Ultimate Regex Tutorial and Cheatsheet

So you’ve heard that regex is a quick and easy way to help you evaluate user input or scrape information from a body of text. This article presents a complete overview of the topic and the syntax to get you started.

So what is regex anyway?

Regular expressions (or simply regex) are small pieces of code that define a pattern of text. They are used to check if a certain string matches this pattern, or alternatively to find all matches of a certain pattern in a body of text. Regex is written using a specific syntax that is fairly constant across various programming languages.

It should be noted that the expressions in this article are Javascript-related. Other programming languages are 90% similar with only minor differences or additions.

In this article, we’ll cover:

  1. Basic format of a regular expression
  2. Literal matches
  3. Alternation
  4. Character classes
  5. Character sets and wildcards
  6. Quantifiers
  7. Anchors
  8. Special Characters
  9. Capture groups
  10. Look-aheads
  11. Look-behinds
  12. Flags
  13. Substitution
  14. Get Practicing
  15. References

So without further ado, let’s get started! If you’re the video-watching kind, here’s a primer to get into the groove of things:

1. Basic Format of a Regular Expression

All regular expressions start and end with a forward slash /Edit with Regexity. The forward slashes at the beginning and end show the start and end of the expression.

/.../Edit with Regexity

Sometimes, the regular expression can be followed by an optional flag modifier (we’ll discuss these later). Flag modifiers alternate the overall behavior of the regular expression. Each flag consist of a single letter – for example, the global modifier is denoted by the letter gEdit with Regexity.

Flags are added after the final forward slash:

/.../gEdit with Regexity

If you want to enable more than one flag, simply list them one after the other after the final forward slash. For example, to enable the global gEdit with Regexity, multiline mEdit with Regexity, and case insensitive iEdit with Regexity flags, use the following expression:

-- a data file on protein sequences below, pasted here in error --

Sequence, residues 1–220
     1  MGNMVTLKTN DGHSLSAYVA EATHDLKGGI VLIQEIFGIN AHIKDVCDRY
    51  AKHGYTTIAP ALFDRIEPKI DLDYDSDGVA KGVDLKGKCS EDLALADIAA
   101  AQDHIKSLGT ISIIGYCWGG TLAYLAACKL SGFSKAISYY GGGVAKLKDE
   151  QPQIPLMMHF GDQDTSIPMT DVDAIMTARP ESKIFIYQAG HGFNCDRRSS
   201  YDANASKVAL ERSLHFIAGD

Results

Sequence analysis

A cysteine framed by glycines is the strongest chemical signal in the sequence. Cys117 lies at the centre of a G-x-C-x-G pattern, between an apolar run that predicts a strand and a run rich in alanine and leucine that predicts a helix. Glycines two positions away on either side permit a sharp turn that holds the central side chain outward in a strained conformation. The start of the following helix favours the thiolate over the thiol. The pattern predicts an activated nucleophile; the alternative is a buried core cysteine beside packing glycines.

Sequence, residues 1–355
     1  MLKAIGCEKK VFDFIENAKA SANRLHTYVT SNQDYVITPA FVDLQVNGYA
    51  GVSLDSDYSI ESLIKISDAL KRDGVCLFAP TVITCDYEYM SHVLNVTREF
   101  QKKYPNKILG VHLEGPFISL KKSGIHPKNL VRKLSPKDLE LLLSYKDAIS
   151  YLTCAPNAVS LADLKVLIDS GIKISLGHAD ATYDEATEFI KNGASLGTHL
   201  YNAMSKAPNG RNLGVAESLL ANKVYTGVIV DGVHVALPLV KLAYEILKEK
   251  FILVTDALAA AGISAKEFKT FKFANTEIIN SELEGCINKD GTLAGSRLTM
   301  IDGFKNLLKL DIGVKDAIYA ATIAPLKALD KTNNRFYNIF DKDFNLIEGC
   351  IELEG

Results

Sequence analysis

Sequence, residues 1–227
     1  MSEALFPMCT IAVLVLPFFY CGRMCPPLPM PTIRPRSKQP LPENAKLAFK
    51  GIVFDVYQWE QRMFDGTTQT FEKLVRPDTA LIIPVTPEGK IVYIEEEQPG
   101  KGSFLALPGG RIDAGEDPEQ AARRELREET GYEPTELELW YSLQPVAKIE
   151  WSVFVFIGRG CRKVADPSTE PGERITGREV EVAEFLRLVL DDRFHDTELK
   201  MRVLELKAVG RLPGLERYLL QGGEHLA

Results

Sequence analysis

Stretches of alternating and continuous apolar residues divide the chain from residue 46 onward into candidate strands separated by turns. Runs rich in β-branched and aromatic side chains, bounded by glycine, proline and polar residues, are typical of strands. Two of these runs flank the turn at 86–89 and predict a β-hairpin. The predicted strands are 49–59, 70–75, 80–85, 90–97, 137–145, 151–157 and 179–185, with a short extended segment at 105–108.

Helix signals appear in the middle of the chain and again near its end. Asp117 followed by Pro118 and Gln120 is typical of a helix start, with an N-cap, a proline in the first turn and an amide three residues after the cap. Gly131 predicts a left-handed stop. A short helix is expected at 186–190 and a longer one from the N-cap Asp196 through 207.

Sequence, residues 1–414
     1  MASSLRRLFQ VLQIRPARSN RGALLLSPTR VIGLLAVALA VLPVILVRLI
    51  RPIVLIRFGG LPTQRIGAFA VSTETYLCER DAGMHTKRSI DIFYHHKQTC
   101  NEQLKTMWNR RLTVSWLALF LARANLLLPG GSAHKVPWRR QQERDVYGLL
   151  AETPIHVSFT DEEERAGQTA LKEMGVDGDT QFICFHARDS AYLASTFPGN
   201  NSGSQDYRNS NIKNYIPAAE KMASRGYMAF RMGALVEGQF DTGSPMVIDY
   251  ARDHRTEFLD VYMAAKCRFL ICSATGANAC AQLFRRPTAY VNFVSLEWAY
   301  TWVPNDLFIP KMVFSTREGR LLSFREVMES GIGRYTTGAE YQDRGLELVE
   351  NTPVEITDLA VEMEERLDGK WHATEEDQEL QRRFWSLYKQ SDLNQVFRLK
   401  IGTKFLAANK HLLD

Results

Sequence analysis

/.../gmiEdit with Regexity

2. Literal Matches

The most basic regular expression lets you match a literal string. This literally matches the characters indicated. For example, to match the word codeEdit with Regexity, use the following regex:

/code/Edit with Regexity

3. Alternation

To match two alternate options, for example to match either codeEdit with Regexity or programEdit with Regexity, use the pipe character |Edit with Regexity. This character represents “OR” in regex, as it does in various other programming languages.

/code|program/Edit with Regexity

4. Character Classes

A character class allows us to match several possible characters. The character class is enclosed in square brackets []Edit with Regexity. For example, to match any single character from the group aEdit with Regexity, bEdit with Regexity, or cEdit with Regexity, use the following regex:

[abc]Edit with Regexity

To match any single character except those from the group aEdit with Regexity, bEdit with Regexity, or cEdit with Regexity, use the same expression with a caret symbol ^Edit with Regexity at the start of the range:

[^abc]Edit with Regexity

Character classes are great in that you can specify a range of characters in one go using the dash symbol Edit with Regexity.

[a-z]Edit with Regexity

The expression above will match any lowercase letter from aEdit with Regexity to zEdit with Regexity. But you can also string these together, one after the other, inside the square brackets.

[a-zA-Z0-9]Edit with Regexity

The expression above will match any lowercase letter from aEdit with Regexity to zEdit with Regexity, any uppercase letter from AEdit with Regexity to ZEdit with Regexity, and also any digit from 0Edit with Regexity to 9Edit with Regexity.

You don’t need to stick to [a-z]Edit with Regexity. You can also use subsets of these. For example, the following expression will match any lowercase letter from bEdit with Regexity to fEdit with Regexity, any digit from 4Edit with Regexity to 6Edit with Regexity, and also the digit 8.

[b-f4-68]Edit with Regexity

Note: Don’t confuse the expression above as matching 4Edit with Regexity to 68Edit with Regexity. We are working in terms of single characters here. The 6 and the 8 operate independently from one another.

5. Character Sets and Wildcards

Character sets and wildcards allow us to really kick things up a notch. They act the same way as combining a whole string of character classes using shorthand notation.

For example, the dot character matches any character out there, except a newline.

/./Edit with Regexity

Pro tip: Turning on the single line flag sEdit with Regexity allows the dot character to match newline characters as well.